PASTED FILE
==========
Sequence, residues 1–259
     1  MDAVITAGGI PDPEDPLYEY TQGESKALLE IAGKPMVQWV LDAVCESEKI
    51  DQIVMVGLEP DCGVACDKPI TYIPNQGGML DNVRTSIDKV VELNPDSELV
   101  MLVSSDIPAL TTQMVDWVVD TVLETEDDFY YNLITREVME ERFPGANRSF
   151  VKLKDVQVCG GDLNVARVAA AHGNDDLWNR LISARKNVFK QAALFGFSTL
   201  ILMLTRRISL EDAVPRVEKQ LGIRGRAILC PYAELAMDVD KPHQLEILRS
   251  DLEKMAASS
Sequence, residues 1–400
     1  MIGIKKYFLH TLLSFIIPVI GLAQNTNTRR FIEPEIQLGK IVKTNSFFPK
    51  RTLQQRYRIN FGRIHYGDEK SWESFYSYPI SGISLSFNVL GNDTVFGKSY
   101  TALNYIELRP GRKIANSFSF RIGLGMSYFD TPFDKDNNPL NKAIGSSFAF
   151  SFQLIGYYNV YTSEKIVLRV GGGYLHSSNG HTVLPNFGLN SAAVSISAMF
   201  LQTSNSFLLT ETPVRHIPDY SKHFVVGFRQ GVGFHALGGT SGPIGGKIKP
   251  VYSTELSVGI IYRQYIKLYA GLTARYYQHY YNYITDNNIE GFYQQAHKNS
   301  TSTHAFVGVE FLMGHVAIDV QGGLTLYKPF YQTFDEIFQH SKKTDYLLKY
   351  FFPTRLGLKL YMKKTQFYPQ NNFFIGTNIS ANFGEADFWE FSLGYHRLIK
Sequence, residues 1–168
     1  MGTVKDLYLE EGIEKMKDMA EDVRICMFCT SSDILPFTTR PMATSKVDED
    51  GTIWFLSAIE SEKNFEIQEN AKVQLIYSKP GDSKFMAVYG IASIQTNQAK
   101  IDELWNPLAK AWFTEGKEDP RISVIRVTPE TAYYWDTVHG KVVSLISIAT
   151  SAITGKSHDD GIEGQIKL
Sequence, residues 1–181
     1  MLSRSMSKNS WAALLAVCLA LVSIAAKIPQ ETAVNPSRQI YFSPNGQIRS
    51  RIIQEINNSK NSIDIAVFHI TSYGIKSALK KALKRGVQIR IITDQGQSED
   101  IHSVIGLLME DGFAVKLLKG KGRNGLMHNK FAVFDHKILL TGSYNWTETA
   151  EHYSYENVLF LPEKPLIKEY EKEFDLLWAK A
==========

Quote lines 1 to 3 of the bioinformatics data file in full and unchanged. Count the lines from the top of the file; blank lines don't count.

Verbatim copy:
Sequence, residues 1–259
     1  MDAVITAGGI PDPEDPLYEY TQGESKALLE IAGKPMVQWV LDAVCESEKI
    51  DQIVMVGLEP DCGVACDKPI TYIPNQGGML DNVRTSIDKV VELNPDSELV